Are Edgar Allan Poe's pathological characters to be identified with the authors own “tortured psyche”?

Term Paper (Advanced seminar), 2011

18 Pages, Grade: 1,0



1. Introduction

2. “Love and Death in the American Novel” - Fiedler's Poe

3. Poe's Narrators – or Narrating Poe?

4. Conclusion

5. Bibliography

1. Introduction

„[...] the death, then, of a beautiful woman is, unquestionably, the most poetical topic in the world – and equally is it beyond doubt that the lips best suited for such topic are those of a bereaved lover.”[1]

Who else, it seems, could be more fitting to shed light on the mysterious liaison of love and death in literature than this man? Whose work could look more promising for a study on this topic than the creator of these lines? And yet, one of America's most acclaimed and influential critics did apparently not share this conviction.

The author in question is obviously Edgar Allan Poe, from whose canonical theoretical essay “The Philosophy of Composition” the foregoing quotation is taken. Although it is an essay specifically elucidating the composition of his most famous poem “The Raven”, although Poe is explicitly calling it a “poetical topic”, the maxim evidently still applies to a large part of his prose work as well. Stories such as “Ligeia”, “Berenice” or the famous “The Fall of the House of Usher” clearly substantiate this claim. It seems as none other than Poe deserved to be the center of attention concerning the topic of Eros and Thanatos. However, said critic did not think so.

In 1960, Leslie A. Fiedler published his most influential and controversial book “Love and Death in the American Novel”. Elaborating on a theory he had developed as early as 1948[2], Fiedler proclaimed his thesis of an “innocent interracial homosexuality”and the generally dysfunctional treatment of American authors of the love between man and woman.[3]

In contrast to the New Criticism-school that had been prevailing until the 1940s, and saw the text alone as the sole basis for literary criticism, Fiedler tries to incorporate biographical information on the author and insights in his sociocultural environment into his analysis.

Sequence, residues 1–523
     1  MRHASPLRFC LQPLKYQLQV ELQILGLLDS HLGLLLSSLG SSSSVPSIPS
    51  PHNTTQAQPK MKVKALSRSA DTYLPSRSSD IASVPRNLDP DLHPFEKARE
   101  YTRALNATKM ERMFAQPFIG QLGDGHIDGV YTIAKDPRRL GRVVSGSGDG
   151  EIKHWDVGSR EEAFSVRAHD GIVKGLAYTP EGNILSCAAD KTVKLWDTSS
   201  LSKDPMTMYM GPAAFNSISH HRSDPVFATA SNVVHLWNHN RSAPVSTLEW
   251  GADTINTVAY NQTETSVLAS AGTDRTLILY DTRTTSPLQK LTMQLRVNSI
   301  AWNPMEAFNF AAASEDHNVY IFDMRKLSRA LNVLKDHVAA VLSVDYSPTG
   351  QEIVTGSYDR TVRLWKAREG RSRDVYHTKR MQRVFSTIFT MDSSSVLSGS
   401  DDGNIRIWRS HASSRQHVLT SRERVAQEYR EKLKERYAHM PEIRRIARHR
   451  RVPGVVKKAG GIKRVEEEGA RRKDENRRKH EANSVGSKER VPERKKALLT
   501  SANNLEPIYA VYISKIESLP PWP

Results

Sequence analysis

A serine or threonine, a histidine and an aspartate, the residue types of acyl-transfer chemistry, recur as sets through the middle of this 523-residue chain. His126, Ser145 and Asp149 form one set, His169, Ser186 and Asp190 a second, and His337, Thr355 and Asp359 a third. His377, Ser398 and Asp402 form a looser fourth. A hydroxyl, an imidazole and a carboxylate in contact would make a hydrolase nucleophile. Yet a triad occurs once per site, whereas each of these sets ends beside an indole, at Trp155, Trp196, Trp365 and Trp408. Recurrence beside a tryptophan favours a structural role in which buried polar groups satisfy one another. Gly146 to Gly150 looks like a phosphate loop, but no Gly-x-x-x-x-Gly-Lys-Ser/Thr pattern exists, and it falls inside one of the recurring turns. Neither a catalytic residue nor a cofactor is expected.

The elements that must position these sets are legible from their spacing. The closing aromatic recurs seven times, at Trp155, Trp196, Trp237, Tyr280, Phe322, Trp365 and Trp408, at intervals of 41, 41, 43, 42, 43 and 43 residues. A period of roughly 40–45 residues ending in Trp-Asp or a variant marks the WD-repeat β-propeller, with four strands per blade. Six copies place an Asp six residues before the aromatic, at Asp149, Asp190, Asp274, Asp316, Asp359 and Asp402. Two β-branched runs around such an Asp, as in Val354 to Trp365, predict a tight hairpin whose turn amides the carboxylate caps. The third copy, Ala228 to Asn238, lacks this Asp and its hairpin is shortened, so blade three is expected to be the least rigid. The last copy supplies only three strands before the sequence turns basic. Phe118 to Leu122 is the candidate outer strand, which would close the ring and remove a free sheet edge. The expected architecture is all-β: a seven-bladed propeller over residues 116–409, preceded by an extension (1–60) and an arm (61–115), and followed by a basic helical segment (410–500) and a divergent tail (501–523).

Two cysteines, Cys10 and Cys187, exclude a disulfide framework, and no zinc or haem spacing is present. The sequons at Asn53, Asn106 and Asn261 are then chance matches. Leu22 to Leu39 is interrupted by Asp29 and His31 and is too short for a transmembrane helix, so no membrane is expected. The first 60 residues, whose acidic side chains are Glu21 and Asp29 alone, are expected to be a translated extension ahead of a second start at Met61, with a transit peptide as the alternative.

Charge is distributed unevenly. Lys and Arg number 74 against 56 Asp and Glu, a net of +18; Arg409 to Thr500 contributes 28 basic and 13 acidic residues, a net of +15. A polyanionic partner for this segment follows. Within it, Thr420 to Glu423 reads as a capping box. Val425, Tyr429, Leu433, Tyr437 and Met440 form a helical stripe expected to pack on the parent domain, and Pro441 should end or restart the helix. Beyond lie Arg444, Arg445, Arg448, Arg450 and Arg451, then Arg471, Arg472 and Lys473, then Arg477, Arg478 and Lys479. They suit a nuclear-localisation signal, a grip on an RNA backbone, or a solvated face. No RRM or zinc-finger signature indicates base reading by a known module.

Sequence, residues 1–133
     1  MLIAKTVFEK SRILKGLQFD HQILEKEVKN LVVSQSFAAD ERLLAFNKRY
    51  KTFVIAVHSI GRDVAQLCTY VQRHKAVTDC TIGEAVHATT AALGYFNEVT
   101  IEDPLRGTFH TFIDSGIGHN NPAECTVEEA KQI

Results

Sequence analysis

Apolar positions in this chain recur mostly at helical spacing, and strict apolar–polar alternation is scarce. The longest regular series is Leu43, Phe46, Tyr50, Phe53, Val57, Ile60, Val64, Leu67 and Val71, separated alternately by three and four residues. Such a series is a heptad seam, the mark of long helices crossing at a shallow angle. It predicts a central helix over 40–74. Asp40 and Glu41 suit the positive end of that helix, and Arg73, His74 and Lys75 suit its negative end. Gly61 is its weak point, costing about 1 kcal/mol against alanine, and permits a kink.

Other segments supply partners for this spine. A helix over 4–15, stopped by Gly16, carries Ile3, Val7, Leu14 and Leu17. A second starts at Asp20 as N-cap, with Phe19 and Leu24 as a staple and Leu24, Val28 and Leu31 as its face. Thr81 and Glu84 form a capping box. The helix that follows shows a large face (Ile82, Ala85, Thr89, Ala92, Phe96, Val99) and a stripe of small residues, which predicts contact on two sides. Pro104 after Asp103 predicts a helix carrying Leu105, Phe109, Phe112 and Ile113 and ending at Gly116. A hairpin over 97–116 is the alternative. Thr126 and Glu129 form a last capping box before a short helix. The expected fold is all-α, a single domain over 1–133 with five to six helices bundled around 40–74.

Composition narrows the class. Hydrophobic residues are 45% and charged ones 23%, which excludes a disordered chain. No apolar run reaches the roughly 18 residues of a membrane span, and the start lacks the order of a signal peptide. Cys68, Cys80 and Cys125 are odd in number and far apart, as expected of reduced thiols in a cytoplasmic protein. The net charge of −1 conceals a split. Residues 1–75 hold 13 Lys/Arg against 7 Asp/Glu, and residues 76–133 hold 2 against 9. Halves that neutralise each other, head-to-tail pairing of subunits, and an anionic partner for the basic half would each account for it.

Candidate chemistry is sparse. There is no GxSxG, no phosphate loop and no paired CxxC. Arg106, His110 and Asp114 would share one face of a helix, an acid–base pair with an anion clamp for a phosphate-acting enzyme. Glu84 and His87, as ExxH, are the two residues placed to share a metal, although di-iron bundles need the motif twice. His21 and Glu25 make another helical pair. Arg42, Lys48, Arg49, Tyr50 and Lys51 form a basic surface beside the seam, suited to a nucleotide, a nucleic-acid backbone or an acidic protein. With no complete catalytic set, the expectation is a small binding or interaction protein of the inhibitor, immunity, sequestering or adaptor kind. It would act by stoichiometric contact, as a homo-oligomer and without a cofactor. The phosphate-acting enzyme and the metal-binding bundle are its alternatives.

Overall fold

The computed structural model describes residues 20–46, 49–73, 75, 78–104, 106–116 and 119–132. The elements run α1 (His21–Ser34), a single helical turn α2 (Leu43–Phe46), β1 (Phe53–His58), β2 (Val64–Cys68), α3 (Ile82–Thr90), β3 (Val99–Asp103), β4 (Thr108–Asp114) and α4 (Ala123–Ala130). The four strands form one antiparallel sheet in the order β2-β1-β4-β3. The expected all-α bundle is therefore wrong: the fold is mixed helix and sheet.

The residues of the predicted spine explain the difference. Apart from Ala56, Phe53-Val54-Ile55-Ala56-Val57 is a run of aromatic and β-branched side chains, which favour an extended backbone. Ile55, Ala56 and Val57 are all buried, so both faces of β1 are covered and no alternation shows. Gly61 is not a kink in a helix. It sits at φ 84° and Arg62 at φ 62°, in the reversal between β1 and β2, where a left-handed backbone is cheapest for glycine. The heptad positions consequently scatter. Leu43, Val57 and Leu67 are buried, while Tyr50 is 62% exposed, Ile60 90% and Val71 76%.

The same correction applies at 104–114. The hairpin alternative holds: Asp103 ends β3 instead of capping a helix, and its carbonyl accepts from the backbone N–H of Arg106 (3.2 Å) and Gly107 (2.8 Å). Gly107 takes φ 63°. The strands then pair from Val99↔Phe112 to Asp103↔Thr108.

Surprisingly, his examination of Edgar Allan Poe's oeuvre turns out as curtly as it is simplifying. He stylizes Poe as the dark side of the American dream, a depressed and depressing madman, incarnating his fantasies into stories of dubious merit. Being an ardent opponent of the New Criticism-school, Fiedler cannot help but relate the choice of Poe's themes and characters solely to the author himself, stating that “in Poe the incest theme belongs to the private world of his own tortured psyche […].”[4] For Fiedler, “The odd syndrome of child -love, necrophilia, and incest in Poe is too personal and pathological to shed much light on the general meaning of the latter theme in American literature and life.” [5] Instead of treating Poe as a singularity worth further analysis, he dismisses the author's work as the questionable fancies of a mentally deranged.

But the indisputable recurrence of the above-mentioned themes in Poe's work begs the question: Is Leslie Fiedler right? Are Poe's pathological characters to be identified with the author and his own “tortured psyche”?

To answer that question, and possibly to rebut Fiedler's theory will be the aim of this paper. The first part of my thesis will be concerned with reconstructing Fiedler's argument, examining the chapter on Poe in “Love and Death in the American Novel”,then taking into specific deliberation his theory on archetype and signature. Throughout this part, I will hint at possible contradictions in Fiedler's argumentation and comment on these.

In the second part, I will use these findings as the foundation of a possible counterargument. With the help of an essay by James W. Gargano on “The Question of Poe's Narrators”, which follows an utterly different, more conservative approach, I will try to disprove Fiedler and further substantiate my claims.

2. “Love and Death in the American Novel” - Fiedler's Poe

Fiedler dedicates a whole chapter in “Love and Death in the American Novel” to Poe. Or so it seems, as he quickly turns back to Twain and Melville for comparison. What he discusses at some length is Poe's “The Narrative of A. Gordon Pym”, his single attempt at the genre of the novel.

Fiedler criticizes the novel for being

“[...] an involved attempt on Poe's part to convince himself that his primary purpose in publishing the tale was to perpetrate a hoax on the reader. But this is an almost compulsive aspect of Poe's art in general, arising from a dark necessity, which dogged not only him among American writers, of remaining in ignorance about his own deepest aims and drives.”[6]

Already in the form of his tale, Fiedler insinuates, Poe expresses certain repressed feelings and motives, and his need to repress those. It is important for Poe to be able to pretend that everything he writes is just a hoax, a joke, so as not to have to give away his true intentions, his true self.